Senator Munson: Minister, thank you for being here.
In your capacity as Disability Inclusion Minister, I’m also pleased to see the monetary benefit for students with disabilities. But a few weeks ago, the COVID-19 Disability Advisory Group was appointed to work with you in the spirit of “Nothing Without Us.” Eleven members from various disability communities were included, but there was no representative from the autism community. With the inclusion of the commitment to a national autism strategy in two mandate letters and in the spirit of “Nothing About Us Without Us,” would you consider including the autism community on the COVID-19 Disability Advisory Group?
Ms. Qualtrough: Thank you for the question, senator, and thank you for championing issues related to autism throughout your entire career.
I can assure you that I am confident the voices around that table do reflect the broad spectrum of disability perspectives. We are always happy to have more people at the table. I have regular contact with members of the autism community. I feel as though I’m hearing from them, but if that is not seen to be the case, I would absolutely have that conversation.
Senator Munson: It’s good to have that commitment.
I have been listening to so many horrible stories about what is taking place in nursing homes, but in the disability community, there are group homes. In this disability community, for those with intellectual disabilities, there are one-on-one workers who have to work each and every day, almost 24 hours a day. This setting is a very unsettling one for many. I worry that such facilities are being overlooked when it comes to personal protective equipment. We have heard of staff shortages and cutbacks to residents’ care routines.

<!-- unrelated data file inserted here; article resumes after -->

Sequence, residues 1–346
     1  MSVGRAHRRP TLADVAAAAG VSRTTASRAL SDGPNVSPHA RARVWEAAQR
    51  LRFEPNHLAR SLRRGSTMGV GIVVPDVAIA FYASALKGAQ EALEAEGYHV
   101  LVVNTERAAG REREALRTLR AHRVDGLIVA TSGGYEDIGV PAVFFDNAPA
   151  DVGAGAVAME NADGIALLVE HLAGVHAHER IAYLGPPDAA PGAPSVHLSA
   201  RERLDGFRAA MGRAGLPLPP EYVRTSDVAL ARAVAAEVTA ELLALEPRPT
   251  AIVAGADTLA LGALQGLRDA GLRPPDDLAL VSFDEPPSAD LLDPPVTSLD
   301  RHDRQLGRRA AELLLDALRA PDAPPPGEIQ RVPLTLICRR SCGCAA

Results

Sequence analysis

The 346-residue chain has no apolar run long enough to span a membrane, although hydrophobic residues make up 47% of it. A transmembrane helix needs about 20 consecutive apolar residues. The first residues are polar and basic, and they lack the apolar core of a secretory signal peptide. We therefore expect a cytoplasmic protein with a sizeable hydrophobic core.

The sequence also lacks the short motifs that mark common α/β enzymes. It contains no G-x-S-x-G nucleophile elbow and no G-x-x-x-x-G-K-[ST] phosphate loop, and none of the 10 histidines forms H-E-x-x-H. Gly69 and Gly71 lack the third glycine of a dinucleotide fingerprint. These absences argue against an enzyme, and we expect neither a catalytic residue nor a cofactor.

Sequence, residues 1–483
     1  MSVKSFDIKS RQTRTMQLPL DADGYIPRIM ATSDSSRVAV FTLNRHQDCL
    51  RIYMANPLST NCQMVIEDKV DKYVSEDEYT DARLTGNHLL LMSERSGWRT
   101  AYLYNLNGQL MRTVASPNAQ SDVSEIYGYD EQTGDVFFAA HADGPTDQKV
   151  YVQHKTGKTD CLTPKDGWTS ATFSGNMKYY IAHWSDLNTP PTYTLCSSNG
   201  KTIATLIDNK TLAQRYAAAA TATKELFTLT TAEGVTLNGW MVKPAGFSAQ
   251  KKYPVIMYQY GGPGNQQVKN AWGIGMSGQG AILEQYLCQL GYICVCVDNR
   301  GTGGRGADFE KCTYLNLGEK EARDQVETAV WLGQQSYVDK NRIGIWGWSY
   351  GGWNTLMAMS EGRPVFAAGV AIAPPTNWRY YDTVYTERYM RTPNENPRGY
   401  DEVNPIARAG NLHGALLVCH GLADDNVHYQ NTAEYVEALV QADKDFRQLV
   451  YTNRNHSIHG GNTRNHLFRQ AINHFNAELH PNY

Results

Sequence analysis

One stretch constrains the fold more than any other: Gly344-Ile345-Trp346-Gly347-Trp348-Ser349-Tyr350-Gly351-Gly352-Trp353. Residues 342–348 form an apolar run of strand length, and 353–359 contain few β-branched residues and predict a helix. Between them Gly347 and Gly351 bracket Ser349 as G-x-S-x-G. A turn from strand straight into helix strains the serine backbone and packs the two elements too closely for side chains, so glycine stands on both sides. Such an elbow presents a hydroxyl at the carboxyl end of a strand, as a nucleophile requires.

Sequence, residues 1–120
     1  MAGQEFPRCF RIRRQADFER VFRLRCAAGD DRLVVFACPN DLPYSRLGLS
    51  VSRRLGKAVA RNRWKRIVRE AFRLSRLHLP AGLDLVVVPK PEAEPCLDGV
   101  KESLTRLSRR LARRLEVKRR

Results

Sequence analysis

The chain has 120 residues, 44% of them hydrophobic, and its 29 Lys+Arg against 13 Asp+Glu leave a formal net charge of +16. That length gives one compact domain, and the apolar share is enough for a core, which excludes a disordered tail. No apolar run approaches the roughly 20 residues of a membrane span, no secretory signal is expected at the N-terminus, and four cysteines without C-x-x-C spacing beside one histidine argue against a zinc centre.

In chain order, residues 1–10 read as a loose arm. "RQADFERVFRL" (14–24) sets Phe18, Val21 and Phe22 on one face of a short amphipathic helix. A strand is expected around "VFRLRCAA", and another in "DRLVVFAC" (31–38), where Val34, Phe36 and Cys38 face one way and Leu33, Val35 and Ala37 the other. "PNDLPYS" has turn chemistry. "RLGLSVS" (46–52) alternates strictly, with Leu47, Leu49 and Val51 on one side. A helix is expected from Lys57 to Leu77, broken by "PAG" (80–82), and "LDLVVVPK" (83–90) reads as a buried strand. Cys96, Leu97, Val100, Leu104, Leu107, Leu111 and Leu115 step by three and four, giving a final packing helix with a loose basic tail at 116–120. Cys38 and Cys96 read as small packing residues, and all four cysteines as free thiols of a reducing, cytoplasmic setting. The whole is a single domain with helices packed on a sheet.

Is the federal government stepping up and reaching out to the provinces about these conditions — the availability of personal protective equipment and medical care? I don’t want them to be the forgotten.
Ms. Qualtrough: Again, thank you for your question. The answer is absolutely yes. The Minister of Health and I have met with our colleagues and raised the specific issues you are talking about. One of the challenges is that, often, these collective living situations are not necessarily tied to health care systems; they are more tied to social service systems in provincial frameworks. We are pointing out those challenges and we are crying out that these workers be recognized as essential.
It is one of my personal passions that the story coming out the pandemic will be that we supported everybody equally.
Senator Munson: Do you think this country needs to rethink how it deals with these nursing homes and homes for the disabled? I’m asking that in the sense of full-time employment, not part-time employment; being better trained and fully engaged; having nursing degrees — you name it. Do you think this model is past its time as a result of this pandemic?
Ms. Qualtrough: Yes, I do.
Senator Munson: Thank you very much.